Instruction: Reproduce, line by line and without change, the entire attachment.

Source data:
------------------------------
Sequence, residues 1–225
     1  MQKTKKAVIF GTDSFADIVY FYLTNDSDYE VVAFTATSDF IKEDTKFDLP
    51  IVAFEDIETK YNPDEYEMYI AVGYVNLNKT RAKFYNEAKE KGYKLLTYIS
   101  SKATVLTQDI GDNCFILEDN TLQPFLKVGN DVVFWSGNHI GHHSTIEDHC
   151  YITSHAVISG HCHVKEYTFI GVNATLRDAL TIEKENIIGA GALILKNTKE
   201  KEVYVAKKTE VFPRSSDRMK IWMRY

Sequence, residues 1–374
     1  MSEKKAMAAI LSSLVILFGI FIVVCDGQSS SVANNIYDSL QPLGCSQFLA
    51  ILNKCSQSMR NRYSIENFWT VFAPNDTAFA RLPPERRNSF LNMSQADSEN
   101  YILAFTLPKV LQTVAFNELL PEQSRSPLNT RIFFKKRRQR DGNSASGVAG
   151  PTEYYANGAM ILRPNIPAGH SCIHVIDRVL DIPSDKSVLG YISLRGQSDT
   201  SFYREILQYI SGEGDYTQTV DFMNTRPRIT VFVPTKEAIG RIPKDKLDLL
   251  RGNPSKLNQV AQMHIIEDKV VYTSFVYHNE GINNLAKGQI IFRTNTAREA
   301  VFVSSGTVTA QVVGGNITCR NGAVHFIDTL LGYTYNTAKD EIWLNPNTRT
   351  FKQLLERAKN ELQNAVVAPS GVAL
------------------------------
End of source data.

Sequence, residues 1–225
     1  MQKTKKAVIF GTDSFADIVY FYLTNDSDYE VVAFTATSDF IKEDTKFDLP
    51  IVAFEDIETK YNPDEYEMYI AVGYVNLNKT RAKFYNEAKE KGYKLLTYIS
   101  SKATVLTQDI GDNCFILEDN TLQPFLKVGN DVVFWSGNHI GHHSTIEDHC
   151  YITSHAVISG HCHVKEYTFI GVNATLRDAL TIEKENIIGA GALILKNTKE
   201  KEVYVAKKTE VFPRSSDRMK IWMRY

Sequence, residues 1–374
     1  MSEKKAMAAI LSSLVILFGI FIVVCDGQSS SVANNIYDSL QPLGCSQFLA
    51  ILNKCSQSMR NRYSIENFWT VFAPNDTAFA RLPPERRNSF LNMSQADSEN
   101  YILAFTLPKV LQTVAFNELL PEQSRSPLNT RIFFKKRRQR DGNSASGVAG
   151  PTEYYANGAM ILRPNIPAGH SCIHVIDRVL DIPSDKSVLG YISLRGQSDT
   201  SFYREILQYI SGEGDYTQTV DFMNTRPRIT VFVPTKEAIG RIPKDKLDLL
   251  RGNPSKLNQV AQMHIIEDKV VYTSFVYHNE GINNLAKGQI IFRTNTAREA
   301  VFVSSGTVTA QVVGGNITCR NGAVHFIDTL LGYTYNTAKD EIWLNPNTRT
   351  FKQLLERAKN ELQNAVVAPS GVAL